Canadian neuroscientists are using novel experimental approaches to understand autism spectrum disorder, from studying multiple variation in a single gene to the investigation of networks of interacting genes to find new treatments for the disorder.
Autism spectrum disorder (ASD) affects more than 1% of children, yet most cases are of unknown or poorly defined genetic origin. It is highly variable disorder, both in its presentation and in its genetics - hundreds of risk genes have been identified. One key to understanding and ultimately treating ASD is to identify common molecular mechanisms underlying this genetically heterogeneous disorder. Four Canadian researchers presented the results of unique approaches to understand ASD at the 14th Canadian Neuroscience Meeting in Toronto, on May 24, 2019.
One common feature of autism is a shift in the ratio of excitation (or activation) and Inhibition (or inactivation) of neurons in animal models of ASD. Mutations that cause too much excitation of neurons result in autistic-like behaviour, and paradoxically, so do mutations that cause too much inhibition. Precise control of the Excitation to Inhibition ratio is therefore viewed as a key to regulate social behaviour. Dr. Melanie Woodin, at the University of Toronto, investigated a protein that is critically important for neuronal inhibition, called KCC2. When KCC2 fails to work, inhibitory neurotransmission (through a neurotransmitter called GABA) switches to being excitatory. Breakdown of GABA inhibition is a hallmark of abnormal brain activity in conditions such as epilepsy, pain and some forms of autism.
Regulation of KCC2 therefore appears as a valid target for treatment of ASD. Dr. Woodin's team has identified the first comprehensive list of proteins that interact and modify the action of KCC2. Their work has shown that one protein, called Pacsin1, interacts with KCC2 and can regulate its abundance and localisation. These results suggest that manipulating KCC2 interacting proteins could be an efficient technique to regulate KCC2 in a neuron specific manner.
More than a thousand mutations and other forms of genetic variation affecting several hundred genes have been linked to ASD. Given this large number, analyzing each gene on its own is not a feasible approach. To make sense of this data, one approach is to determine whether multiple risk genes function in common signaling pathways, which act as "hubs" where risk genes converge. To identify such hubs or networks, Dr. Karun Singh, from McMaster's University studies proteins in mouse models of ASD, but also in cells taken from patients and induced to grow in petri dishes, called induce pluripotent stem cells or iPSCs. By looking at how the proteins taken from cells carrying ASD associated mutations interact, his team has been able to identify specific signaling pathways affected by ASD. Targeting of these networks may lead to new therapies for ASD.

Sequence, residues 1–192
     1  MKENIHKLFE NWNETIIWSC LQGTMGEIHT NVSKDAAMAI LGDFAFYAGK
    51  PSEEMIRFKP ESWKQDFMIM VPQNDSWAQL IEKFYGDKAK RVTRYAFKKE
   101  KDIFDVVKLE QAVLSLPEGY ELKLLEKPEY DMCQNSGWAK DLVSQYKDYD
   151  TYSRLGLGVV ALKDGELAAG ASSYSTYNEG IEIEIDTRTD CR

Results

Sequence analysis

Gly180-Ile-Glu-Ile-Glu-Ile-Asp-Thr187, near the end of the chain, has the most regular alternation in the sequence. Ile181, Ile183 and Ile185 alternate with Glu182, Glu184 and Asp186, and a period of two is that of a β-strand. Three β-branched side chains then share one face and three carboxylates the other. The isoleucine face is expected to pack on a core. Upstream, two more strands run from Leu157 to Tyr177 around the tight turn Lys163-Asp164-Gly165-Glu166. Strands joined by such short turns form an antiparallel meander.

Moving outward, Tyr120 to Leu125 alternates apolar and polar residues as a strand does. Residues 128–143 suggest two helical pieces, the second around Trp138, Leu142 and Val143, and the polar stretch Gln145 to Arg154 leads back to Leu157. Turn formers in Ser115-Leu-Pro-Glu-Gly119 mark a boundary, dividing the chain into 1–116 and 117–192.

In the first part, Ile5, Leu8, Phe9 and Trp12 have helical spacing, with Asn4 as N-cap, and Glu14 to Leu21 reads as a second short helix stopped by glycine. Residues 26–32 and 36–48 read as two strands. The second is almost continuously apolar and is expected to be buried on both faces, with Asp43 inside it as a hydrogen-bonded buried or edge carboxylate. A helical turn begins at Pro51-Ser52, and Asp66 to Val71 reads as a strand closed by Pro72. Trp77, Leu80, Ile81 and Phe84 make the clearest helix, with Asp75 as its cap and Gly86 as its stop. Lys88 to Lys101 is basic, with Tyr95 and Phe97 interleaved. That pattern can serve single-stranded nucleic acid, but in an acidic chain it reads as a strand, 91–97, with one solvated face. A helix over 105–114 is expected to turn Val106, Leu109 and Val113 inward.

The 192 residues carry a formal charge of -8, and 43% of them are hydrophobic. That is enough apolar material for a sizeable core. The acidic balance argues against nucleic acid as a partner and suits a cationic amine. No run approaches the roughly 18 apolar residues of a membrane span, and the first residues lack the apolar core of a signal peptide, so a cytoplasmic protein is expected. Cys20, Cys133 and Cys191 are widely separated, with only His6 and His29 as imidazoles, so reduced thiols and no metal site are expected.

Dr. Catharine Rankin, from the University of British Columbia, presented data obtained by analyzing ASD-associated genes in a much simpler species, the nematode worm C. elegans. Her team tested 87 different strains of worms, each carrying a mutation in genes similar to those found in ASD-associated genes. Analysis of the morphology, locomotion, sensitivity and habituation, which is the simplest form of learning, in these worms by an automated system revealed certain genes that caused strikingly similar effect on the worms. Further analysis revealed these similarities resulted from previously undescribed interactions between the affected genes.
A great advantage of studying ASD genes in nematode worm is the possibility to easily edit genes and study the effects of these modifications on the worm by automated systems. This provides a means to analyse a large range of genes, thereby revealing unique and/or shared functions. Candidate drugs can also be tested for their ability to rescue the deficit associated with different gene modifications. Furthermore, Dr. Rankin demonstrated the feasibility of using the gene editing system based on CRISPR-Cas9 to specifically insert or remove ASD-related genes at specific times, to study their role in development.
The final speaker in this session was Dr. Kurt Haas, from the University of British Columbia, who discussed the role of a gene called PTEN. Mutations in PTEN have been strongly linked to both cancer and ASD, yet the mechanisms through which this occurs was unclear. Dr. Haas reported on the results obtained by 7 laboratories at that institution who collaborated to test 105 variants of PTEN, in yeast, fly, worm, rat, and human cell lines, to understand the impact of different mutations in this gene in a wide diversity of cellular environments. This analysis allowed the researchers to determine the specific impact ASD associated mutations on various protein functions, with high confidence.
By using a range of different approaches, Drs. Woodin, Singh, Rankin and Haas have increased our understanding of the genetic underpinnings of autism spectrum disorder. These studies pave the way to the identification of new potential therapeutic targets to treat this disorder.